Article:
Family dynamics are different than other relationships. Because of that some of the most intense conflicts come between family members at home. They are the conflicts that bring us the most pain, make us suffer, and distress us. They can become so intense because the shared histories create different levels of familiarity and emotional friction.
At Monuments, we help our young men learn how to resolve, or at least better cope with, various types of family conflict.
Here’s one method, known as the Perspective Triangle Strategy. It employs three different perspectives to allow those involved to look at the conflict with some detachment. Here are the three steps.
Step #1: Your Own Perspective
This involves looking inside and increasing your level of self-awareness. You do this by asking yourself what’s really bothering you.
The goal in this step is to clarify to yourself what the conflict is really about. In most cases, people think a fight is about a specific issue, but reality is that it’s about something far deeper. Try and get to that. What pain are your trying to avoid? What are you protecting yourself from? Are you trying to feel secure? Are you trying to feel significant to the other? Are you trying to connect to the other?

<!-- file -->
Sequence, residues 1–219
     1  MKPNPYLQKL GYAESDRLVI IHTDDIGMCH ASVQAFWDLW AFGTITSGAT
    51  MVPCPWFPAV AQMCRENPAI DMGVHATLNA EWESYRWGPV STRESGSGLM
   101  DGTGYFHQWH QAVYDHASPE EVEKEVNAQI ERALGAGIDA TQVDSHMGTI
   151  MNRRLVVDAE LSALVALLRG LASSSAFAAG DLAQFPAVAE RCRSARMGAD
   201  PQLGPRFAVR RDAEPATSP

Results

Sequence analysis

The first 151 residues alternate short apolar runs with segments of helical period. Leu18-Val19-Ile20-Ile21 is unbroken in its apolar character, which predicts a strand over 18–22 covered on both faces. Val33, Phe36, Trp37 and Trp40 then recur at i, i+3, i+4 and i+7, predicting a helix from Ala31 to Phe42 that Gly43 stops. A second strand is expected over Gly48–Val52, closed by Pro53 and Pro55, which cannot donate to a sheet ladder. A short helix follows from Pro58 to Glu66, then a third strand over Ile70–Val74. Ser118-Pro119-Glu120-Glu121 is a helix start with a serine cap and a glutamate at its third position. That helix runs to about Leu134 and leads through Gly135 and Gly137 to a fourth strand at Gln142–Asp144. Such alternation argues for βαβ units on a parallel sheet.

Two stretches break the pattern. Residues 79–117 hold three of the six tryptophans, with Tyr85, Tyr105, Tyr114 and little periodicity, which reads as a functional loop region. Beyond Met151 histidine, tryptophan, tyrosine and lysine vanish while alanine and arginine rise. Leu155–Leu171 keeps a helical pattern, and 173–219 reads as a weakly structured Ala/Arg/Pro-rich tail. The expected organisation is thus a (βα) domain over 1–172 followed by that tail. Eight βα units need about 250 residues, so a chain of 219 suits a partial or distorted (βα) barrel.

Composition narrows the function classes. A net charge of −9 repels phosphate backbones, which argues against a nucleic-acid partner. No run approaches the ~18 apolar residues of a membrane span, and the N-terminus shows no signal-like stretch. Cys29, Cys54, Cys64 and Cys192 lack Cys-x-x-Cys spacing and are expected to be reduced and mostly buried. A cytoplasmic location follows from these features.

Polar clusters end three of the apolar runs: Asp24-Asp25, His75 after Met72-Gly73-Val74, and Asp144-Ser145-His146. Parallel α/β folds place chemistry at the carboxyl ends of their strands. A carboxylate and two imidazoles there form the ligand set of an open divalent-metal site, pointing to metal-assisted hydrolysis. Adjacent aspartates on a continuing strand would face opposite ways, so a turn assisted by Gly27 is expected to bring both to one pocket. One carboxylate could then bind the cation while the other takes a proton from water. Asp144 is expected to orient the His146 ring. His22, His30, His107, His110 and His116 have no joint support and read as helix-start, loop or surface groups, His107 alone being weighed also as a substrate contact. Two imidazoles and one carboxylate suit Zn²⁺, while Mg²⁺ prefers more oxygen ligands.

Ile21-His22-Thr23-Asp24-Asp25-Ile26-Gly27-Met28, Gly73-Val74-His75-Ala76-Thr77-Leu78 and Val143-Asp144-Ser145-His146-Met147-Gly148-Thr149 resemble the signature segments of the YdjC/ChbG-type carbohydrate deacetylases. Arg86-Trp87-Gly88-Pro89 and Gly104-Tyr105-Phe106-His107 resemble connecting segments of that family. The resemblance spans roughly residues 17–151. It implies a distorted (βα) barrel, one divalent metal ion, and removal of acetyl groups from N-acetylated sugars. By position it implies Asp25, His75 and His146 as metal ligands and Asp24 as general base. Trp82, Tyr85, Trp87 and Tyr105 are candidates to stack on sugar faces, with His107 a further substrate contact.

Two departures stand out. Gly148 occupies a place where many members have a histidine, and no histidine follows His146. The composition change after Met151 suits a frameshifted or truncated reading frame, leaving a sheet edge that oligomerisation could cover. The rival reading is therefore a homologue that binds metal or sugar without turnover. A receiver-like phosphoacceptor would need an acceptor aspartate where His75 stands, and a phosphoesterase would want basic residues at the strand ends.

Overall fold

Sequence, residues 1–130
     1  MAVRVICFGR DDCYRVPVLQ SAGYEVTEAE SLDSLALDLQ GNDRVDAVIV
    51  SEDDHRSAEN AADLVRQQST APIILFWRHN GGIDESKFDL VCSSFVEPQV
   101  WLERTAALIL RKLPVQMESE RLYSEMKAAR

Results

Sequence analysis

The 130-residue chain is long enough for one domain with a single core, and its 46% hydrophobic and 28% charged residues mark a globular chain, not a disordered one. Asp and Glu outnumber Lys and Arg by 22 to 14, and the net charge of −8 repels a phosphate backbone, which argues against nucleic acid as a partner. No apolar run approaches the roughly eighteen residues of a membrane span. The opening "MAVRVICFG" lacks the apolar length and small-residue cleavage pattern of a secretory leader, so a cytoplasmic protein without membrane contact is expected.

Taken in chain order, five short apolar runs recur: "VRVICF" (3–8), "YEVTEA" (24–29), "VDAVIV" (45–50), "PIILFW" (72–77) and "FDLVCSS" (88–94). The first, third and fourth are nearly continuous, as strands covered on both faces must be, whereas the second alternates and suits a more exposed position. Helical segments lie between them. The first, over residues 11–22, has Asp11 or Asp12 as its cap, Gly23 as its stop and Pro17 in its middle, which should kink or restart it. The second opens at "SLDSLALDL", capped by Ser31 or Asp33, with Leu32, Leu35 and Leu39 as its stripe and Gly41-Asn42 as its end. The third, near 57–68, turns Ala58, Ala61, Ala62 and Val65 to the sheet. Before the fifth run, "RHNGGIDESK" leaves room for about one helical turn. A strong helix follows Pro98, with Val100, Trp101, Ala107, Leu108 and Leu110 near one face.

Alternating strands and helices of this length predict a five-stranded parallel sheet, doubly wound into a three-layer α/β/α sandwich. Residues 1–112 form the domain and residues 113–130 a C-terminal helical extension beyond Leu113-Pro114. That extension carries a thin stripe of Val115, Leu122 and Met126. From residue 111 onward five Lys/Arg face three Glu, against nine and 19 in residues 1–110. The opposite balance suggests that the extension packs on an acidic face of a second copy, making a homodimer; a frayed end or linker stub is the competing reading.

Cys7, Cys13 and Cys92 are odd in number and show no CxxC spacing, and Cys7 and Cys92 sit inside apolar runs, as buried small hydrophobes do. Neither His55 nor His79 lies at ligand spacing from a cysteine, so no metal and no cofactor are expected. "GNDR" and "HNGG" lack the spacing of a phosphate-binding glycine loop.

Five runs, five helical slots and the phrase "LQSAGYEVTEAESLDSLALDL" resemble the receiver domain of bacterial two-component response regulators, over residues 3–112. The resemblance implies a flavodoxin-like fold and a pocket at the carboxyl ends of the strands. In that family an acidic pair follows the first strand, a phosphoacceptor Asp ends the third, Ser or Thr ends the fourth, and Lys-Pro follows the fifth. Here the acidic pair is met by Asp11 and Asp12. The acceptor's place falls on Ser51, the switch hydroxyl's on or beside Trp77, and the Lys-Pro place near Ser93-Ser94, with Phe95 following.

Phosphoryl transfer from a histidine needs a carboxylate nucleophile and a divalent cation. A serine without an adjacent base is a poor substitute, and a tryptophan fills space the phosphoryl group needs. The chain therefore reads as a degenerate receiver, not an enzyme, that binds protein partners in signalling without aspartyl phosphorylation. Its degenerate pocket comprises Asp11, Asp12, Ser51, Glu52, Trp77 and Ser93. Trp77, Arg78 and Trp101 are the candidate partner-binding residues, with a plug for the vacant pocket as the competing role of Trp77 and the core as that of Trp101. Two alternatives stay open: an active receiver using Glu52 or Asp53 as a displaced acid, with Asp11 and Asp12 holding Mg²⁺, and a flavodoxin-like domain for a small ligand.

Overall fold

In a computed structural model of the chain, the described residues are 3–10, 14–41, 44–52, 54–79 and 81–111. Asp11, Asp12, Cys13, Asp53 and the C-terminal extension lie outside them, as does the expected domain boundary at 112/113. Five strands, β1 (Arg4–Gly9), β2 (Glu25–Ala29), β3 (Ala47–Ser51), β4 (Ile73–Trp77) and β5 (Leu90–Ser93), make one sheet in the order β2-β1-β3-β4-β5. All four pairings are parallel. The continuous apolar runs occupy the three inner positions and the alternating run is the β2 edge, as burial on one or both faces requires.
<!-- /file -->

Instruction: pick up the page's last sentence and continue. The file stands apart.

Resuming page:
Step #2: The Other Person’s Perspective
Here you have to have empathy; you need to put yourself in the other person’s shoes. Put your own judgment aside and see if you can see the conflict from the other person’s perspective.
What might be behind the position of the other person? What’s going on in his or her life that’s shaping his or her understanding? What needs is he or she satisfying with a particular behavior? Is the person looking for significance? Is the person looking for love or connection?
Go deeper and ask yourself how the other person is interpreting your own words and behavior?
Step #3: The Third Party’s Perspective
Often, it takes an outside perspective to really see a fresh perspective on the conflict. In this step, you put yourself in the position of a third part observing the conflict. Imagine that you’re watching the conflict in a movie. What’s it all about?
Seeing it as a spectator, what can you see about your own behavior and judgment? What advice would a third party give you to resolve the situation? What would that person tell you they thought the other person’s real intentions were?
At Monuments, helping our adolescent boys learn how to cope with and manage family conflict is one of the more common issues we face. That’s just because family interactions are so complicated psychologically.
If you think you have an adolescent boy who is having trouble with depression, addiction, or other issues, call us at Monuments, (800) 559-1980. We can help.